In Northern Thailand, where the majority of the lantern festivals take place, there are two main celebrations, Yi Peng and Loi Krathong, which usually overlap. The main difference between these two festivals is the type of lanterns used; Yi Peng features the floating sky lanterns and at Loi Krathong, water lanterns are offered to the river gods.
1. What is the Yi Peng Festival?
| Where: Northern Thailand (mainly in Chiang Mai)
| When: On the day of the full moon of the second month in the Lanna lunar calendar. So, the exact date changes every year. This year, it falls on October 31st (Sat), 2020*.
Yi Peng is a sky lantern festival that is mainly celebrated in northern Thailand, and it coincides with the nationally celebrated Loi Krathong Festival. During the festival, thousands of rice paper lanterns called Khom Loi are released into the air, decorating the sky with a warm, golden glow!
*Subject to change.
2. How is Yi Peng different from Loi Krathong?
Many people often mistake the Yi Peng Festival and Loi Krathong as the same festival, as these events coincide with each other. Though very much alike, they are actually two separate festivals. In fact, the Yi Peng Festival is actually a smaller part of the Loi Krathong celebrations.
Yi Peng Festival
In the Yi Peng Festival, lanterns, locally known as Khom Fai or Khom Loi, are lit and released up into the sky with the hopes of sending off all misfortunes with the lantern. It is believed that if the lantern disappears from sight before the candle goes out, you’ll be rid of misfortune and any bad luck the following year! It is usually celebrated over 2~3 days.
First of all, Loi Krathong also only lasts for one night on the full moon of the 12th month of the traditional Thai calendar. Nonetheless, during these celebrations, a krathong, which is a “boat” or “basket” made from banana tree trunks and wrapped in banana leaves, is sent afloat on a river or body of water. This is done with similar intentions:; to wish away all bad luck, grudges against others and worries so that one can start afresh. Hence, the name of the celebration being Loi Krathong. In Thai, the word “Loi” means “to float” and “krathong” means“basket”.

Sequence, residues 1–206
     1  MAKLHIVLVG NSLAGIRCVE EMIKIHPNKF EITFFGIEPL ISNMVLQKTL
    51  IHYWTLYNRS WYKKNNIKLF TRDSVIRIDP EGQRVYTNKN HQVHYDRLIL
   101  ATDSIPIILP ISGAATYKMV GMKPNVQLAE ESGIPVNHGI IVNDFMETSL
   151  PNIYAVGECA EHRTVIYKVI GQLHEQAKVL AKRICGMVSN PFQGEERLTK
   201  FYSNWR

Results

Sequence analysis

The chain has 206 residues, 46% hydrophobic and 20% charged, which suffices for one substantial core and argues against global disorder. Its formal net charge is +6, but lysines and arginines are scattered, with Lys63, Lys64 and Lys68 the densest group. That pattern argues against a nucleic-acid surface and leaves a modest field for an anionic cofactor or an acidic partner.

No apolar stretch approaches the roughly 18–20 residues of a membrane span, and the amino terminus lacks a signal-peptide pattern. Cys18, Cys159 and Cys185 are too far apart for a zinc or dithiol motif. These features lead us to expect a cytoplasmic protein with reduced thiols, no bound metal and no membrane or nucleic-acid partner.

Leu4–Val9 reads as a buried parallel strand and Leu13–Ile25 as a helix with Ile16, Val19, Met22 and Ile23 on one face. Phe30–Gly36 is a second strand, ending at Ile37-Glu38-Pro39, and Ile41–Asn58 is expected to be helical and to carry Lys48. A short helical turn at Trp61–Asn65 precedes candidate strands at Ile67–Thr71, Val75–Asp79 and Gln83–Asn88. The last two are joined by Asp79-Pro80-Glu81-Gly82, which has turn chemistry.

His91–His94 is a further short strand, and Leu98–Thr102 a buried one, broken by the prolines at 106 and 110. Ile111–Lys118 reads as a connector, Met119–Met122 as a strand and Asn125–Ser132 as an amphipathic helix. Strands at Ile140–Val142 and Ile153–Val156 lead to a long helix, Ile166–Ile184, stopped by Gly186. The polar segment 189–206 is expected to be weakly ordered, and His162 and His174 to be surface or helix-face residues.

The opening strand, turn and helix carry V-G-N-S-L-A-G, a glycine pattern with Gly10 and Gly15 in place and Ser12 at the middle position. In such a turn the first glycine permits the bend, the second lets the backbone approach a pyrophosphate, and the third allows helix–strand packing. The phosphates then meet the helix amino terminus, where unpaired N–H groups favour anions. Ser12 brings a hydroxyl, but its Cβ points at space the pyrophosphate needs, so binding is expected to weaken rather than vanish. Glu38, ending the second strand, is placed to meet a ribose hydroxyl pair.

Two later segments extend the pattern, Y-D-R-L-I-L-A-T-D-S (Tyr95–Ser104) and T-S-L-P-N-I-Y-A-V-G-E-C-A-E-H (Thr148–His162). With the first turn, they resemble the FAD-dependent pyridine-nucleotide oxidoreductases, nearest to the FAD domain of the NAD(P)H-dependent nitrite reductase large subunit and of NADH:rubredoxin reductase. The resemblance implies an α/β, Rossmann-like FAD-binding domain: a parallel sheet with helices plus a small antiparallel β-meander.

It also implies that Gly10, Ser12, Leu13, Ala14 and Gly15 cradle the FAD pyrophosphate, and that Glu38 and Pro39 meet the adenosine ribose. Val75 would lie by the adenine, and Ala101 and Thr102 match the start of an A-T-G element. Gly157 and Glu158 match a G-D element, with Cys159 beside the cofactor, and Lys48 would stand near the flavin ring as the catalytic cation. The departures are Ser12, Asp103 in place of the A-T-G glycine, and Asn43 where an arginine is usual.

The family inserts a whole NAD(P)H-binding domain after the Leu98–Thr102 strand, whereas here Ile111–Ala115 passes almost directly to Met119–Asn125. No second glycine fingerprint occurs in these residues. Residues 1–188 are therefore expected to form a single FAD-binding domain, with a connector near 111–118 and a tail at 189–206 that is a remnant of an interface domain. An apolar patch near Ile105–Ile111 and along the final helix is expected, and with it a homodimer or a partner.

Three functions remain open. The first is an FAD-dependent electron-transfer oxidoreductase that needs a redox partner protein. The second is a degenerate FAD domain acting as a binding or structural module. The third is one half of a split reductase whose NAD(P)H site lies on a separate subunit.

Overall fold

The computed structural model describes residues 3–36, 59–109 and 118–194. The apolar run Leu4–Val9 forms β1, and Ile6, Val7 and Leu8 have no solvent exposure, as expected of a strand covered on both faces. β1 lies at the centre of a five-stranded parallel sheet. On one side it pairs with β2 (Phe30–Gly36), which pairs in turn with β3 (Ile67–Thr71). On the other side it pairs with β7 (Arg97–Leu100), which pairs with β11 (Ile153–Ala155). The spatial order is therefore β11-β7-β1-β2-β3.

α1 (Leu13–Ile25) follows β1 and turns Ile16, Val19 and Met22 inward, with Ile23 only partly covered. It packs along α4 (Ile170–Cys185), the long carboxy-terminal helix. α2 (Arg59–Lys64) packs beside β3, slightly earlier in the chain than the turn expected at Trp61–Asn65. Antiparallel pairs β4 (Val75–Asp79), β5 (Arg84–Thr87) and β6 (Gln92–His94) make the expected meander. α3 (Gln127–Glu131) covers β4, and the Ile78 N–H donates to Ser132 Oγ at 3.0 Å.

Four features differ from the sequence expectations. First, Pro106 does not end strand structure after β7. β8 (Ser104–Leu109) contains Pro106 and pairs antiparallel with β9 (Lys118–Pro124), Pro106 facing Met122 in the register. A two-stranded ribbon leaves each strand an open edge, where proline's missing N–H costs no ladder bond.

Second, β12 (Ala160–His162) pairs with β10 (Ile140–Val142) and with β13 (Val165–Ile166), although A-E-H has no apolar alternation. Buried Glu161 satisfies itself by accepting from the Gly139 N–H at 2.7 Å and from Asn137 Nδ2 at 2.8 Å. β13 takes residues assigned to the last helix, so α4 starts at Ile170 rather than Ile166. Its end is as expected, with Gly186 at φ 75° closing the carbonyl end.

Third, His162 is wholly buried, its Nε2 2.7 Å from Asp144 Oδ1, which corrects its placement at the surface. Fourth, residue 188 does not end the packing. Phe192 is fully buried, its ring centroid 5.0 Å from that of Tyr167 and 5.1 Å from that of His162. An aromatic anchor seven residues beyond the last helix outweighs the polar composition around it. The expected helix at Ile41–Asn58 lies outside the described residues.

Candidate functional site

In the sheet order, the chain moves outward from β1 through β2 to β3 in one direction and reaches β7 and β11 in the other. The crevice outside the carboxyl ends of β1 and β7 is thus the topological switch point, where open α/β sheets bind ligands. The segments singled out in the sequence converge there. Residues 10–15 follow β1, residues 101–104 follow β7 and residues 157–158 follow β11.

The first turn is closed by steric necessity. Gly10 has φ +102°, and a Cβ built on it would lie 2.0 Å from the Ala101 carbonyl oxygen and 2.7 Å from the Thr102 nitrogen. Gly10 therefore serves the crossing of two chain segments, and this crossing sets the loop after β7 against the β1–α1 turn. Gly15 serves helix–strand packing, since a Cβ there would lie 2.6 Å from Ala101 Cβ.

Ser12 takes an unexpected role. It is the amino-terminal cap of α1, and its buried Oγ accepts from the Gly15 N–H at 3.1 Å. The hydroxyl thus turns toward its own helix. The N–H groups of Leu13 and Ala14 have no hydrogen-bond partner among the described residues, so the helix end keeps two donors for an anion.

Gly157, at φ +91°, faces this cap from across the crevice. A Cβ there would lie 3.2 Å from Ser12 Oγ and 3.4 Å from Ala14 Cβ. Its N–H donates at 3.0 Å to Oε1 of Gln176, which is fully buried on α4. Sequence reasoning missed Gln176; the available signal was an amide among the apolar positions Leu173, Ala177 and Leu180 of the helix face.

In ancient times, this festival was a way of paying respect to the Goddess of Water. So, they would decorate the krathongs as much as possible. It will always have a candle to venerate Buddha as well. People would often put strands of hair, nail and toenail clippings, or strips of cloth from old clothes in the belief that their grudges and bad luck would be washed away.
As you can see, the only difference between these two celebrations is the method of wishing away any bad luck in hopes to start life clean from sin.
3. Can I attend the Yi Peng festival as a tourist?
One of the main reasons people want to go to the Yi Peng Festival is to launch their own lantern and snap a photo of the mass release of lanterns into the sky!
Only for Locals?
However, what many people don’t really know is that the main Yi Peng event is exclusively put on for locals, only around Mae Jo University. If you want to go there as a non-local, the tickets will cost around THB 5,600~12,500, which is about USD 170~380! Even if you are willing to pay that much money, it will be almost impossible to get tickets for the Mae Jo event.
Yi Peng Festivals For Tourists!
But don’t worry, as there are some private Yi Peng events that tourists can attend as well, and they are considerably cheaper (USD 90~130) than the Mae Jo event.
They are basically the same as the Mae Jo but on a smaller scale, about half the size of the Mae Jo event. They are still spectacular in their own way and a good option for people who don’t want to pay a minimum of USD 170 for a ticket.
At these private Yi Peng events, you can release your own lantern into the sky. The experience simply wouldn’t be the same if you couldn’t launch your own lantern. What’s more, you will also get to take tons of magical photos!